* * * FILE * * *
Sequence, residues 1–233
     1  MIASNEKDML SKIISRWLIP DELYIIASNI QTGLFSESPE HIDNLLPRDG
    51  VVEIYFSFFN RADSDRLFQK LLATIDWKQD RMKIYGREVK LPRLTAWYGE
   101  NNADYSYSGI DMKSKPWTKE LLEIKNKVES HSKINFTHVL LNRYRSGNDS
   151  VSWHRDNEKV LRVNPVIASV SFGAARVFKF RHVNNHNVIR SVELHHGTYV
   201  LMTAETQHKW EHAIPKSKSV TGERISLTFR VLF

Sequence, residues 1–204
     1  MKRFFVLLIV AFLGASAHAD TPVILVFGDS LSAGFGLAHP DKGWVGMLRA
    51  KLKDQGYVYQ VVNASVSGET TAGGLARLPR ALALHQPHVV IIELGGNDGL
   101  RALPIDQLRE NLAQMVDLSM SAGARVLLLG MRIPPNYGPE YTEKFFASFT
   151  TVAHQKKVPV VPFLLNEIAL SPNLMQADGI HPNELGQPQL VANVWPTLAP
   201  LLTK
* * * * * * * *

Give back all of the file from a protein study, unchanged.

Sequence, residues 1–233
     1  MIASNEKDML SKIISRWLIP DELYIIASNI QTGLFSESPE HIDNLLPRDG
    51  VVEIYFSFFN RADSDRLFQK LLATIDWKQD RMKIYGREVK LPRLTAWYGE
   101  NNADYSYSGI DMKSKPWTKE LLEIKNKVES HSKINFTHVL LNRYRSGNDS
   151  VSWHRDNEKV LRVNPVIASV SFGAARVFKF RHVNNHNVIR SVELHHGTYV
   201  LMTAETQHKW EHAIPKSKSV TGERISLTFR VLF

Sequence, residues 1–204
     1  MKRFFVLLIV AFLGASAHAD TPVILVFGDS LSAGFGLAHP DKGWVGMLRA
    51  KLKDQGYVYQ VVNASVSGET TAGGLARLPR ALALHQPHVV IIELGGNDGL
   101  RALPIDQLRE NLAQMVDLSM SAGARVLLLG MRIPPNYGPE YTEKFFASFT
   151  TVAHQKKVPV VPFLLNEIAL SPNLMQADGI HPNELGQPQL VANVWPTLAP
   201  LLTK